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28 Feb Posted by in Academics, Business | Comments

I’ve written before about widespread faculty concerns about excessive regulation, from requirements for sexual harassment training to safety or human subjects’ rules, with all sorts of things in between. We decided to tackle this difficult subject by getting a task force together, with faculty and support unit representatives, and holding a faculty forum.

Discussions were admittedly a bit tense at points. A few faculty made claims about regulatory extent that proved not to be true. A few accusations resulted in defensive counterthrusts.

But actually the tone of conversation was for the most part civil and constructive. We were able to identify and address some problem areas, and we’ll work on some others. Thanks to lots of suggestions, particularly within the task force, we have some new suggestions and guidelines that we’ll issue soon, that may help in future; and we may have a structural proposal as well, toward some individual or unit charged with monitoring the overall regulatory environment. We’ll also continue to hold an annual forum, so faculty and staff know there’s an established opportunity to voice concerns.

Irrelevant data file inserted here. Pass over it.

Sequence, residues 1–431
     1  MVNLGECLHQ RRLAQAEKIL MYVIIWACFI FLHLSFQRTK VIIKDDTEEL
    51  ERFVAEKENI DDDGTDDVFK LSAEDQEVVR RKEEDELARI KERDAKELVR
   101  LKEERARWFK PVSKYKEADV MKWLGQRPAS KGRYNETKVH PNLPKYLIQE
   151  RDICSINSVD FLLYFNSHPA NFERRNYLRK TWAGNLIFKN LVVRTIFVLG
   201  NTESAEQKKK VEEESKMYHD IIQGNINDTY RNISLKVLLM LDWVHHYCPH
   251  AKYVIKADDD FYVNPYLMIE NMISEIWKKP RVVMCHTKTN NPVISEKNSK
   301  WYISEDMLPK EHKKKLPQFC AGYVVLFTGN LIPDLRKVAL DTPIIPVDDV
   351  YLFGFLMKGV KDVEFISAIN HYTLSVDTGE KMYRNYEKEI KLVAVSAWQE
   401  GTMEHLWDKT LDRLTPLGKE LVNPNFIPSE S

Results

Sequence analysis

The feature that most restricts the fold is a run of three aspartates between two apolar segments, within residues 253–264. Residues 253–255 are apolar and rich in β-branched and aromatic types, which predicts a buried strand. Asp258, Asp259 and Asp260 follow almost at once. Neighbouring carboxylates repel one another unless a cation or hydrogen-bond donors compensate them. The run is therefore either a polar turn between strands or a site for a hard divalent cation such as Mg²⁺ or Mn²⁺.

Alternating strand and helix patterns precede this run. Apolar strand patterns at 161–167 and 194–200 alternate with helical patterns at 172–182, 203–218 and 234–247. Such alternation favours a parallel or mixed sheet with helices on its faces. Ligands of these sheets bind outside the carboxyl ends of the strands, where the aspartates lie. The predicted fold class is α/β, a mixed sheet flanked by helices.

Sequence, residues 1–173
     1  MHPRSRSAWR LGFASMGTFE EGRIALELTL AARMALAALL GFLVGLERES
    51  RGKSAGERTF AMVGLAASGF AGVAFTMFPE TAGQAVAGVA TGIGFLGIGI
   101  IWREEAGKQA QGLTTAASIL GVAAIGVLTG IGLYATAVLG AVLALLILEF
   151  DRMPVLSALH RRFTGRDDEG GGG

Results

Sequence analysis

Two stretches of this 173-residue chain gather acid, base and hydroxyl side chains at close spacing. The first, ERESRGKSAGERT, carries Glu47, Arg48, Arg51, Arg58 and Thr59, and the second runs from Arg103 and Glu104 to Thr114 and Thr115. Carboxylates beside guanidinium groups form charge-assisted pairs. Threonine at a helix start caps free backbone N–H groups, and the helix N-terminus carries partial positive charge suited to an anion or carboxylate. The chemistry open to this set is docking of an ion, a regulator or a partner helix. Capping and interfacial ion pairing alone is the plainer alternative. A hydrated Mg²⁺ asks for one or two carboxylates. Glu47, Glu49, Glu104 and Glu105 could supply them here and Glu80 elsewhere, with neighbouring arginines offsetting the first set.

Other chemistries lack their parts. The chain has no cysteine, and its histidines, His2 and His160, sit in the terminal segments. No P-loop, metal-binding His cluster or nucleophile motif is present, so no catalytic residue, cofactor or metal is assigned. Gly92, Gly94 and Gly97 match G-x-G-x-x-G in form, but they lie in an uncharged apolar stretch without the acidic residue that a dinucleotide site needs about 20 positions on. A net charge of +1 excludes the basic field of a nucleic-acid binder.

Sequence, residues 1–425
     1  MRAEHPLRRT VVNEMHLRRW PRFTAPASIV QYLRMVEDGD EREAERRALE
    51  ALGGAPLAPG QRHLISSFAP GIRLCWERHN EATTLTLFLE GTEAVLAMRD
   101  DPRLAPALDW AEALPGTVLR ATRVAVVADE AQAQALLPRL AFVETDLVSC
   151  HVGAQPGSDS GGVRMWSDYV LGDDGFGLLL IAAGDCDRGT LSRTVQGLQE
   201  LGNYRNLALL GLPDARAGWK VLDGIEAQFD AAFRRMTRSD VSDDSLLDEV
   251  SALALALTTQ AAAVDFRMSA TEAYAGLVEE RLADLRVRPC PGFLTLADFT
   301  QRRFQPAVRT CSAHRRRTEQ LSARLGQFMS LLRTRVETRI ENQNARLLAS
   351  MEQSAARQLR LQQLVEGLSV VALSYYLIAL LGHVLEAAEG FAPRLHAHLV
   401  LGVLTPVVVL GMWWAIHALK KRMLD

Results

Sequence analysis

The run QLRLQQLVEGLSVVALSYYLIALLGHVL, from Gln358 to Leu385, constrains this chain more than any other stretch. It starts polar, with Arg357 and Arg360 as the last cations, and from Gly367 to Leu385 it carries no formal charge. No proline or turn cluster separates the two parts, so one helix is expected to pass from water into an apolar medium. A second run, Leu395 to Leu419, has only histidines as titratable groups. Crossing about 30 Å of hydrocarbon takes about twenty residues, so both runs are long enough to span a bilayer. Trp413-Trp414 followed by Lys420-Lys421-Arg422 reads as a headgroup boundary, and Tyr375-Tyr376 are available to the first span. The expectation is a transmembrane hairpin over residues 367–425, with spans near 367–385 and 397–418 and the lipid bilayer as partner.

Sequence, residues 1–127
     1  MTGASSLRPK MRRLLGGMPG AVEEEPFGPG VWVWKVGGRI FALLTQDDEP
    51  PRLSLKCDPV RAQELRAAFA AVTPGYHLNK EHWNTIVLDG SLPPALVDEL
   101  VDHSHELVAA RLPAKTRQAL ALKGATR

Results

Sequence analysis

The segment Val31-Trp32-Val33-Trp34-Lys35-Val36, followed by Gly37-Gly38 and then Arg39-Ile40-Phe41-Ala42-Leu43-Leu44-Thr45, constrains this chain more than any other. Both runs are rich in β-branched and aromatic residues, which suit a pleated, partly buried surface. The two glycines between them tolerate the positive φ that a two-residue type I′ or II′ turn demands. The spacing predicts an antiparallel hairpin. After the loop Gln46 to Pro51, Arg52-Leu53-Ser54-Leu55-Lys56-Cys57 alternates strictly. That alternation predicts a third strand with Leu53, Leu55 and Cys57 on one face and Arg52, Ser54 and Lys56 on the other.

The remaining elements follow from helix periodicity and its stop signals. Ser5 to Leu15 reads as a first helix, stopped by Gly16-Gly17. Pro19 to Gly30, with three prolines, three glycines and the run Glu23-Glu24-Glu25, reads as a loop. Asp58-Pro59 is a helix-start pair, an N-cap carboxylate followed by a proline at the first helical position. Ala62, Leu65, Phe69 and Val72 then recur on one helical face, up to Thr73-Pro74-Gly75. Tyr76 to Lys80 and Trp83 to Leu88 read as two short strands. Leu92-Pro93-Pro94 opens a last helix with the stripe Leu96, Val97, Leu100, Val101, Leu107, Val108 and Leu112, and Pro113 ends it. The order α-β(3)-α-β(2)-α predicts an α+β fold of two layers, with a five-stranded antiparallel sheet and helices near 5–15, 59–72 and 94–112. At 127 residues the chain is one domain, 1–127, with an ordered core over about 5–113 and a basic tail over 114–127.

The two big, related lessons however are pretty straightforward, and we’ll be writing these up more amply. First, communicate: support units need to reach out to explain and to solicit feedback and faculty and staff need to realize that if they contact a unit about a problem they will often get a very positive response (there’s often a sincere lack of awareness that the shoe ended up pinching). Second, to the units issuing rules and regs, provide advance notice, get suggestions before firm rules go into effect (including information about the “soft costs” of responding to new guidelines), and maybe do a pilot project or two.

We’ll continue to have tensions. We’ll continue to need, because of external requirements, to introduce some rules without as much testing as we’d like. But it’s clear that almost all those involved have the interests of the University at heart and are really open to mutual contact and advice. Again, without pretending that everything is resolved, I emerge really impressed that we can do better, on specifics and on general atmosphere, and that we benefit from a really constructive approach from all major parties.